Schnyder's Ties to Guru Raise Concerns

New York Times, March 14, 1999
By Robin Finn

INDIAN WELLS, Calif. -- The tennis star and her guru chose a table in the sun, spread out a late lunch repast of beans, greens and guava chips, and spoke with a mix of defensiveness and delight about the controversial alliance that has the entire WTA Tour buzzing in alarm.

According to Patty Schnyder's former coach, former boyfriend, former training partners and former parents (they have banned her from their home), the 20-year-old Swiss player has been brainwashed and virtually abducted by a charlatan. Rainer Harnecker, a German faith healer, is under investigation in Germany for practicing medicine, decidedly alternative medicine, without a proper license.

According to Schnyder and Harnecker, 42, there has been no brainwashing, simply a meeting of the minds and, after hours of conversation and hands-on therapy, a trainer-athlete bond that has strayed deep into romantic territory and taken precedence over all previous bonds in her life.

"It was not love at first sight," protested Schnyder. "I thought he was crazy at first, but then I tried his system and I started to feel better, and then when I listened to him, he started to make so much sense to me. He understood me like no one else has."

Schnyder is certainly not the first female tennis star to enter a dalliance with a coach or trainer -- her occasional doubles partner, Austria's Barbara Schett, is romantically involved with a coach, and last June, Sandrine Testud of France married her physiotherapist, Vittorio Magnelli. Nor is Schnyder the first to dabble in alternative medicine and nutrition. Martina Navratilova went to dietary extremes 20 years ago, and Steffi Graf, always on the lookout for Lourdes, receives piles of unsolicited propaganda on new cures (Harnecker once sent her his "Viasola system") the way most folks receive junk mail.

But Schnyder is the first to get involved with a trainer/paramour who says that his methods, which appear to hinge on a strict vegetarian diet and a variation on acupuncture known as Baunscheidt, named for its 18th-century inventor, have cured everything from his own bum knees to cancer. Harnecker has been denied a German patent on his healing method, a recipe of Chinese healing and herbs and oils that he guards like Colonel Sanders once guarded his coating for fried chicken.

Harnecker has further alienated the tennis community by encouraging Schnyder to drop her full-time coach, Eric Van Harpen, and supporting her estrangement from her parents, whom he described as "too controlling."

"For sure they love her," Harnecker added, "but they want her to stay like a child. The rules have always come from her parents. For the past 20 years, she's never said what she wanted to do. They've told her what to do."

Harnecker denied rumors that he's a Scientologist. "There is no sect," he said. Schnyder admits that she had friends in Switzerland check out those rumors before getting too involved with him. "I feel like I was careful in this," she said. "But now my whole environment has gone against me."

Harnecker does not bill himself as a tennis expert, but he said he learned enough from watching his 13-year-old son play to help Schnyder stay focused on the practice court. For fine tuning, Schnyder said, she can easily pick up tips from other players or even engage a bona fide tennis coach on a temporary basis.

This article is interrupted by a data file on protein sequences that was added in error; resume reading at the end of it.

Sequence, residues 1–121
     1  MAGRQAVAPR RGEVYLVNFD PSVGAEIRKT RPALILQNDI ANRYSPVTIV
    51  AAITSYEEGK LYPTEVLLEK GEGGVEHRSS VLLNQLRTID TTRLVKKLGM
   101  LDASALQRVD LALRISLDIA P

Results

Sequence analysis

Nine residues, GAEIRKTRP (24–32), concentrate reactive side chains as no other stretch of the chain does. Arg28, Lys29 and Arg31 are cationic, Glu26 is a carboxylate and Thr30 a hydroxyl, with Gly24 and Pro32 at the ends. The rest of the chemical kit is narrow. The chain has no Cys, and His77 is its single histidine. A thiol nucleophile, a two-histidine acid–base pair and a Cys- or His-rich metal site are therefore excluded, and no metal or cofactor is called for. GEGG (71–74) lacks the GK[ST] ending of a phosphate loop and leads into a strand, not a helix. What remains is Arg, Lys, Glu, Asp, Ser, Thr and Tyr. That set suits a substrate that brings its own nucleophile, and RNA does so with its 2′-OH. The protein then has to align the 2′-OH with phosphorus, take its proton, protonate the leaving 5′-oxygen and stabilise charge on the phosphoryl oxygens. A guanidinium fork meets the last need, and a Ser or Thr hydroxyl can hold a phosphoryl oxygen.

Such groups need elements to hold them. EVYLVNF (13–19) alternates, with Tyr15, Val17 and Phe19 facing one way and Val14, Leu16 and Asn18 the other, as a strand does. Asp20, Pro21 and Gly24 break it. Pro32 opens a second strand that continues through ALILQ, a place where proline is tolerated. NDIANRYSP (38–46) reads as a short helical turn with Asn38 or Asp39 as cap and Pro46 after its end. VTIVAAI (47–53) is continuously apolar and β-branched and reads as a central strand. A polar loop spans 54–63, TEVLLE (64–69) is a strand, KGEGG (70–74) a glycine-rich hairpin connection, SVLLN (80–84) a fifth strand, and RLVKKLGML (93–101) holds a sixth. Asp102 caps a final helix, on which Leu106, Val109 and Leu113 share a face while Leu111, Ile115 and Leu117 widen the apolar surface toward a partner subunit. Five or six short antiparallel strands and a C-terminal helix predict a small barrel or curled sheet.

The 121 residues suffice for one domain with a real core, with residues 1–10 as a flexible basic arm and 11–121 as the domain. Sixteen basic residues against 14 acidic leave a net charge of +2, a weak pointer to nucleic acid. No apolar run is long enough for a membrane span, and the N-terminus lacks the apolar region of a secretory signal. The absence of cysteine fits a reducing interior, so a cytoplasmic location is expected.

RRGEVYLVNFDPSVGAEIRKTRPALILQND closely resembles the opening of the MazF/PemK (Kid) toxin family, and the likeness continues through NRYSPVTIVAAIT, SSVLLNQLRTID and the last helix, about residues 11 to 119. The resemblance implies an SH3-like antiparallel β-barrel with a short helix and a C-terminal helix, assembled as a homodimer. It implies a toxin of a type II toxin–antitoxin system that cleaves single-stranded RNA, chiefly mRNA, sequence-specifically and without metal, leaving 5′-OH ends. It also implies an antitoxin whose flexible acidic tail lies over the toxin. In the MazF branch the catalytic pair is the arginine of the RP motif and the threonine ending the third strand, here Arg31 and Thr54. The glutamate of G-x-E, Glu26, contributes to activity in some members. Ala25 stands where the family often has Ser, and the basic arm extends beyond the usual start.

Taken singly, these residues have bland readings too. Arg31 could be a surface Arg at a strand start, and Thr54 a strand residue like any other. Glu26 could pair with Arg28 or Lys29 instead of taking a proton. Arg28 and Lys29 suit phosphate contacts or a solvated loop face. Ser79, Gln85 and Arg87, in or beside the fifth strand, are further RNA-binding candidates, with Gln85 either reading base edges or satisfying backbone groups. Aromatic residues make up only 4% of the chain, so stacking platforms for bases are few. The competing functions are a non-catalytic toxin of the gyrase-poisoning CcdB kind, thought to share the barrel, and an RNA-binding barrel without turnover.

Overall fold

"Once you are 16, 17 and have been trained all your life, you don't need a coach anymore," Harnecker said. "You already have your technique, your mechanics, and what you need is something for the mind."

The alliance between Schnyder and Harnecker began in December in Majorca. At first, Harnecker was brought on to work with all three of Van Harpen's clients, Schnyder, Sylvia Plischke and Conchita Martinez. But two weeks after they all arrived in Australia for the start of the 1999 season, Harnecker and Schnyder were inseparable. Schnyder's father made a futile dash to Melbourne, Australia, to separate them, and Harnecker went back to Germany alone. Schnyder, however, joined him there last month after a showdown with her parents at home.

"They told me I had to cancel him or else the door is closed at home," Schnyder said. "But I did not cancel them; they canceled me."

The WTA Tour has a code of ethics for its coaches and trainers, but unless a player is under-age or is coerced into a sexual situation, the organization has no authority to ban a coach on grounds of seduction.

"We're not a police organization, and we can't go running around doing bed checks on our players," said Bart McGuire, the tour's chief executive officer. "We're keeping the lines of communication with Patty open." Too, the tour is keeping an eye on Harnecker's legal status back in Germany.

Harnecker is now exclusively employed by Schnyder, but while she insists he has made her thinner, fitter and happier, she acknowledged that her tennis has not yet been healed. The Swiss player, who cracked the top 10 last year at 19, has lately accumulated a flurry of early exits including a straight-set second-round loss to Martina Hingis here at the Evert Cup.

"I love my tennis more now than I did in the last two years, but during matches, sometimes I lose completely my game," Schnyder said. "I'm on the court wondering why my shots aren't working."

And off the court, she's holding hands with Harnecker.

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